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Title: Pottery Typology and Craft Learning in the Near Eastern Highlands
Journal: Iranica Antiqua
Volume: 53    Date: 2018   
Pages: 179-265
DOI: 10.2143/IA.53.0.3285483

Abstract :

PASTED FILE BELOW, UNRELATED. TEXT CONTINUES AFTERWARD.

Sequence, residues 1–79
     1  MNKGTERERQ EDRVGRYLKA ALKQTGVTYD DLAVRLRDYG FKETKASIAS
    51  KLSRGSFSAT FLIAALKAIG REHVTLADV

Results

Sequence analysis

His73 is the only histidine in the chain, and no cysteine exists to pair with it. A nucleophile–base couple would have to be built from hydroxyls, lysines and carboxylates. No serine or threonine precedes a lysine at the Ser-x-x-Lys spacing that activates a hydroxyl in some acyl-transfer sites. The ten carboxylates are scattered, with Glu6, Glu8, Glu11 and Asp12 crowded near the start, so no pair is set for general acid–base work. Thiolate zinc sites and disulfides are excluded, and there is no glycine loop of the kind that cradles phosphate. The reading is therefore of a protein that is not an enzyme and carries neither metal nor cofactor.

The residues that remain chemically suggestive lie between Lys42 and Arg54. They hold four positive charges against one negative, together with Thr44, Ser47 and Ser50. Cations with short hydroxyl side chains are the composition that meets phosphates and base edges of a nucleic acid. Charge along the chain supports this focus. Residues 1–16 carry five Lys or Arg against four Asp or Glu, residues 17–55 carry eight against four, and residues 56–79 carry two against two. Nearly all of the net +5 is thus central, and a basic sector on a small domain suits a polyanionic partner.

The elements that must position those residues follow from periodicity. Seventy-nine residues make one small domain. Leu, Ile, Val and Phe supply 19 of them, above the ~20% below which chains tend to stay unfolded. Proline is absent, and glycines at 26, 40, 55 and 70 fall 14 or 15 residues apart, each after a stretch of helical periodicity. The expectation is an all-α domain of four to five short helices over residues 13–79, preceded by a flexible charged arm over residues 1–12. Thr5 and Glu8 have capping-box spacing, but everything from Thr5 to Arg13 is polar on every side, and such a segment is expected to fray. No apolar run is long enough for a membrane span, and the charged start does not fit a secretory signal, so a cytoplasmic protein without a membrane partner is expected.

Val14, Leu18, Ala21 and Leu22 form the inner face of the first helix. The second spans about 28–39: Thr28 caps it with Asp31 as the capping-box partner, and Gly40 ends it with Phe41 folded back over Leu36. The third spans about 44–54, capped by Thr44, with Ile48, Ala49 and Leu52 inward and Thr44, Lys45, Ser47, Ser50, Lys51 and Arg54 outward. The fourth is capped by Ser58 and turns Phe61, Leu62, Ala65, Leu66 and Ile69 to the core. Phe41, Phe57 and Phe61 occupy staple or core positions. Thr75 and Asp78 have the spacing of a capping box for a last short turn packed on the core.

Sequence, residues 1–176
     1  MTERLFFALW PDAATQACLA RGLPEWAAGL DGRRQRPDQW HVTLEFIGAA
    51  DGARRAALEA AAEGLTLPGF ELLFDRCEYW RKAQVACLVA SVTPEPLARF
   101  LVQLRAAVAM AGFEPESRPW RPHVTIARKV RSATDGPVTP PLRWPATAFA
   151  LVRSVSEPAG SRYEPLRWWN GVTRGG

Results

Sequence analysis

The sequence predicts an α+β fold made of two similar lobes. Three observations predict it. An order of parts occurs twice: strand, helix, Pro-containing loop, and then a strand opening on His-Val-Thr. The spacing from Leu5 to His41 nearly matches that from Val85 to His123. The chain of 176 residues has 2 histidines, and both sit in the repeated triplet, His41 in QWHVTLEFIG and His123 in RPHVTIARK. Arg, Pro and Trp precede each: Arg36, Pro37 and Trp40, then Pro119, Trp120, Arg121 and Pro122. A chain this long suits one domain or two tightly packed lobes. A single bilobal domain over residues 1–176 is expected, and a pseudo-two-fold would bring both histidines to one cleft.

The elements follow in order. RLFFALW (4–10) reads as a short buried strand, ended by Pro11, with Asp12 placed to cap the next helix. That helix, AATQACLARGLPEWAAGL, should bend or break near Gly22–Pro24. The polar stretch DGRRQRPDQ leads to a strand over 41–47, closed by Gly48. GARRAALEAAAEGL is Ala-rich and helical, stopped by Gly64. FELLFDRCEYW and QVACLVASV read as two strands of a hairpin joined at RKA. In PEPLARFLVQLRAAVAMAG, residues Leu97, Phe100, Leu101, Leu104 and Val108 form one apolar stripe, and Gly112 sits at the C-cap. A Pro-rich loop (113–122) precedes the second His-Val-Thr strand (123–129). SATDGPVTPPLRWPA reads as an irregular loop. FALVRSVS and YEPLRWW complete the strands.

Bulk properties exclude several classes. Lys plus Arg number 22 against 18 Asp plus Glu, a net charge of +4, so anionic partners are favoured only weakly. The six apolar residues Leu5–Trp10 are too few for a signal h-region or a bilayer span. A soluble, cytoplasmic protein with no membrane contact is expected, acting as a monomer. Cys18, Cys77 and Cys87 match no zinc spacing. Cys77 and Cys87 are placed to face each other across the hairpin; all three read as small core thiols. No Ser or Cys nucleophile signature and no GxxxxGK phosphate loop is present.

This paper advances an interpretive pottery typology for the northern Near Eastern highlands during early historical periods, or the mid-7th to late 4th centuries B.C. The study represents an effort to integrate intuitive approaches to pottery classification that use vessel form and surface appearance as discriminant criteria with a consideration of craft technology as meaningful social practice. The central Armenian settlement of Tsaghkahovit provides the vantage for these investigations. Nine seasons of excavations at the site yielded a ceramic assemblage that bears upon three phases in the archaeology of the Iron Age: the enigmatic mid-7th to mid-6th century, the early Achaemenid period (ca. 550-430 B.C.) and the last Achaemenid century (ca. 430-330 B.C.). The paper offers an appraisal of pottery typology in each of these phases and examines stylistic shifts through the lens of craft learning. The primary concern is to discern those forces residing within the domain of pottery production that drove perceived typological changes in the mountainous region encompassing what is today northern Iran, eastern Turkey, and the South Caucasus. A catalogue of the Tsaghkahovit pottery corpus is included.

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